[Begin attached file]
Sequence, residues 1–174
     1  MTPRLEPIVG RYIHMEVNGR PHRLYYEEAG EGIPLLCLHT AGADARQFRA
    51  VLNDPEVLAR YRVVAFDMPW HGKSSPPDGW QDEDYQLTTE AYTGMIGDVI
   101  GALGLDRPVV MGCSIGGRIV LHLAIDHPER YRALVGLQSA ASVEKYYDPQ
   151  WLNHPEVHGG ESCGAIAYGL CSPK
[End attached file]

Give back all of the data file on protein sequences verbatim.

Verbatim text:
Sequence, residues 1–174
     1  MTPRLEPIVG RYIHMEVNGR PHRLYYEEAG EGIPLLCLHT AGADARQFRA
    51  VLNDPEVLAR YRVVAFDMPW HGKSSPPDGW QDEDYQLTTE AYTGMIGDVI
   101  GALGLDRPVV MGCSIGGRIV LHLAIDHPER YRALVGLQSA ASVEKYYDPQ
   151  WLNHPEVHGG ESCGAIAYGL CSPK